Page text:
She had planned to quit "Star Trek" after one season, but King, the 1960s civil rights leader, convinced her to stay because it was so revolutionary to have a Black woman playing an important senior crew member at a time when Black people were fighting for equality in American society.

Nichols also helped break color barriers at NASA, whose leaders were "Star Trek" fans. After she criticized the space agency for failing to pick qualified women and minorities as astronauts, it hired Nichols in the 1970s to help in recruiting.

Her efforts helped attract, among others, the first woman U.S. astronaut, Sally Ride; the first Black woman astronaut, Mae Jemison; and the first Black NASA chief, Charlie Bolden.

Nichols "symbolized to so many what was possible" and "inspired generations to reach for the stars," NASA said on Twitter.

Nichols' portrayal of the competent, level-headed Uhura also helped inspire future Black actors, including Oscar winner Whoopi Goldberg. Nichols recalled Goldberg telling her of watching "Star Trek" as a 9-year-old, seeing her playing Uhura, and yelling out to her mother: "Come quick! There's a Black lady on television and she ain't no maid!'"

The original "Star Trek" series, tracking the adventures of the crew of the starship USS Enterprise in the 23rd century, ran for only three seasons on the NBC network from 1966 to 1969. But it became hugely popular in syndication in the 1970s, inspiring first an animated series that reunited the cast from 1973 to 1975 and then a succession of feature films and shows.

Nichols appeared in six "Star Trek" films ending with "Star Trek VI: The Undiscovered Country" in 1991.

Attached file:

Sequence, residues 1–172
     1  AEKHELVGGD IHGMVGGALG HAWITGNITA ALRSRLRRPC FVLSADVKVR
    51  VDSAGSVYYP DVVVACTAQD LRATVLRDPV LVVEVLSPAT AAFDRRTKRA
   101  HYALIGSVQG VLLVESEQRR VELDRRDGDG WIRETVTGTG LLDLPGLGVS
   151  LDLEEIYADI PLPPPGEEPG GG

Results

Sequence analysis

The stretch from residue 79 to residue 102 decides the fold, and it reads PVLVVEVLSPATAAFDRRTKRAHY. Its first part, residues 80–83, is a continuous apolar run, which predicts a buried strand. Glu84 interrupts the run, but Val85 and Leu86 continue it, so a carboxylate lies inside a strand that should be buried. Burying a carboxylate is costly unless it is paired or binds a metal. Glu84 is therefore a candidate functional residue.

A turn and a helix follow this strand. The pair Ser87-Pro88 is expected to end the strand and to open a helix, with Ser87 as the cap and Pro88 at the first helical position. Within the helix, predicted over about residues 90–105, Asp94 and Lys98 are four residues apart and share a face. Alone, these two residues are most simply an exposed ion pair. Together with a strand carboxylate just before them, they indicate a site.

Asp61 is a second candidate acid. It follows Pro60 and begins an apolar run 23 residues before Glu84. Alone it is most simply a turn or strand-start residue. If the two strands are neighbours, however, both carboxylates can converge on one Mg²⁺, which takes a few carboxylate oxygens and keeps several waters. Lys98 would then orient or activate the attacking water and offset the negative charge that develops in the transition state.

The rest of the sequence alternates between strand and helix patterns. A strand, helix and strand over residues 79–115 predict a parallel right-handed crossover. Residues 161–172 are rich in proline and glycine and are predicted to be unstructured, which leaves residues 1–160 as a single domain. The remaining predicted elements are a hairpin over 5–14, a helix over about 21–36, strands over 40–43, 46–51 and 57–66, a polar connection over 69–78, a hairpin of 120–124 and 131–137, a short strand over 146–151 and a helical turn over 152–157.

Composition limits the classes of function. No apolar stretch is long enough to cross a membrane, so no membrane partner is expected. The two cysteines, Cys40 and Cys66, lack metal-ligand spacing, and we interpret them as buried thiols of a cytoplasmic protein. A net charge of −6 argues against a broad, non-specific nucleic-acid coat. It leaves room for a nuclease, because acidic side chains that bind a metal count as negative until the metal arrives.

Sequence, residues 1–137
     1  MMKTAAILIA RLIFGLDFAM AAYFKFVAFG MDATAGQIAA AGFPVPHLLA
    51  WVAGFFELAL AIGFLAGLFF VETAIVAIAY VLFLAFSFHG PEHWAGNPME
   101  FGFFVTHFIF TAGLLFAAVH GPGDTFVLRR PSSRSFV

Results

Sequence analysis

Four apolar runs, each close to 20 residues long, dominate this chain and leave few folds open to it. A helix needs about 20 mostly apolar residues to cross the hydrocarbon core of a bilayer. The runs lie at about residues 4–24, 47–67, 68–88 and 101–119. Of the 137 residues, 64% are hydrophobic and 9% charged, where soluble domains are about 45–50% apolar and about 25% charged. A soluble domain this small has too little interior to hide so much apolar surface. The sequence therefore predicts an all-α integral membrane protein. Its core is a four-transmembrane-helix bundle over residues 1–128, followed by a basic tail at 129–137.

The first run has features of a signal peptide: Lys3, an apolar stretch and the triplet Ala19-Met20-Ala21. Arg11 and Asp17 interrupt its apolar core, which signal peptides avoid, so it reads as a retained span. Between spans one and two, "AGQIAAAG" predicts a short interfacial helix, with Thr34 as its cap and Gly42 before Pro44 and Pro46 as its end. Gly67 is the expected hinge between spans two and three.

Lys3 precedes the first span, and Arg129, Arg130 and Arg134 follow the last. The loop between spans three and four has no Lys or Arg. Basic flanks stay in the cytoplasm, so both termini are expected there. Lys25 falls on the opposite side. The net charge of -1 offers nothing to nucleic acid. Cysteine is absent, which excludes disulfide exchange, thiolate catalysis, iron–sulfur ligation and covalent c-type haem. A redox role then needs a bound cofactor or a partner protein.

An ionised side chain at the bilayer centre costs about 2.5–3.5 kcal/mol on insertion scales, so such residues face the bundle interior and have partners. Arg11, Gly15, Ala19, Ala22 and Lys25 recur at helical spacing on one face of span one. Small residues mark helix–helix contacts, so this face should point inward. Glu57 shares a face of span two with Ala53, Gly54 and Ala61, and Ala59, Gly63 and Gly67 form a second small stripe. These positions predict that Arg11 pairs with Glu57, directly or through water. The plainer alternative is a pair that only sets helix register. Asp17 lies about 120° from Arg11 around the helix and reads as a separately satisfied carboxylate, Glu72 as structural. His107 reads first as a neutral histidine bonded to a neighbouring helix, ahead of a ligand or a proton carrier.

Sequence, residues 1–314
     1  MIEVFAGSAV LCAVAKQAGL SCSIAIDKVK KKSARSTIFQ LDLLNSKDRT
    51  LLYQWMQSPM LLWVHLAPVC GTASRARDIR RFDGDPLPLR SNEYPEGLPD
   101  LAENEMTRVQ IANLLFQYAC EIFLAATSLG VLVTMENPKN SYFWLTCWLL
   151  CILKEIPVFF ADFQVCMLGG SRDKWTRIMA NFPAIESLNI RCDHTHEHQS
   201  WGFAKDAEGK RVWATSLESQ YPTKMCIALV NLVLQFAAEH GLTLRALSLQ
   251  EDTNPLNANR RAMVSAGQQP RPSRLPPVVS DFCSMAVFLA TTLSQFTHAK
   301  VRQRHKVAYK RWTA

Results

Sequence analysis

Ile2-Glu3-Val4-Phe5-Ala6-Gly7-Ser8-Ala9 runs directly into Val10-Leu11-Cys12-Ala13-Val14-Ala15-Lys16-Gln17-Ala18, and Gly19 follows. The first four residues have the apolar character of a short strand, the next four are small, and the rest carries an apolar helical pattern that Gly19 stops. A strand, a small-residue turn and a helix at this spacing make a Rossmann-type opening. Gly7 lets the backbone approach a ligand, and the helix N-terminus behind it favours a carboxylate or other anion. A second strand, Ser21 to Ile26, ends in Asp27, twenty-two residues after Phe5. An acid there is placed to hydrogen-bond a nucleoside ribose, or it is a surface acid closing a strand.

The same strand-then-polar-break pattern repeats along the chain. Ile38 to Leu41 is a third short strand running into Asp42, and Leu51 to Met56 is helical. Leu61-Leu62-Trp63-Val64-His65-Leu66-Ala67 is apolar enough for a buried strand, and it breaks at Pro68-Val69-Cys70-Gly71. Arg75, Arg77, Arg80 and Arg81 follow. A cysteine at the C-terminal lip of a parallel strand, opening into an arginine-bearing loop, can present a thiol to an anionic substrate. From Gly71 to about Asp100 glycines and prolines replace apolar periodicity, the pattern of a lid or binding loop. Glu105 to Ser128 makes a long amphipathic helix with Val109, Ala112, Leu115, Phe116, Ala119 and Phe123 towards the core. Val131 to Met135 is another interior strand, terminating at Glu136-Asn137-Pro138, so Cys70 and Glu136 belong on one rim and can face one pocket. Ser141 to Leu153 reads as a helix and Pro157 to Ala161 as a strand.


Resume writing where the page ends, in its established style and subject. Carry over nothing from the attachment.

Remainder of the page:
Uhura deftly handled the starship Enterprise's communications with allied spaceships and alien races while interacting with Captain James T. Kirk (Shatner), Vulcan first officer Mr. Spock (Leonard Nimoy) and the starship's helmsman, Sulu (George Takei).

Takei wrote on Twitter that he and Nichols "lived long and prospered together," describing her as trailblazing and incomparable. "(My) heart is heavy, my eyes shining like the stars you now rest among."

Nichols' best-known scene featured the first scripted interracial kiss on U.S. television, although it was not a romantic one. In an episode called "Plato's Stepchildren," Uhura and Kirk were compelled telekinetically to smooch by aliens toying with the feeble humans. In real life, Nichols disliked Shatner, who she considered arrogant.

"She was a beautiful woman & played an admirable character that did so much for redefining social issues both here in the US & throughout the world", Shatner said on Twitter.

She felt differently about "Star Trek" creator Gene Roddenberry, who cast her after she had acted in a previous show he produced. Nichols had a romance with him in the 1960s and sang a song called "Gene" at his 1991 funeral.


Obama, the first Black U.S. president, who was 5 years old when the "Star Trek" series made its debut, also was a fan. Nichols visited him at the White House in 2012 and posed for a photo in the Oval Office, with the president smiling and putting his hand on her shoulder while both made a "Star Trek" Vulcan hand gesture meaning "live long and prosper."

In a 2011 interview with Smithsonian magazine, Nichols recalled meeting King at a civil rights group's fundraiser.

Nichols said she was approached by one of the event's promoters, who told her, "There's someone who wants to meet you and he says he's your biggest fan, so I'm thinking of a young kid. I turn around and standing across the room, walking towards me, was Dr. Martin Luther King with this big smile on his face."

After Nichols told King she planned to quit "Star Trek," she said he implored her to stay.

She said King told her: "This is a God-given opportunity to change the face of television, change the way we think. We are no longer second-class, third-class citizens. He (Roddenberry) had to do it in the 23rd century but it's the 20th century that's watching.'" She rescinded her resignation.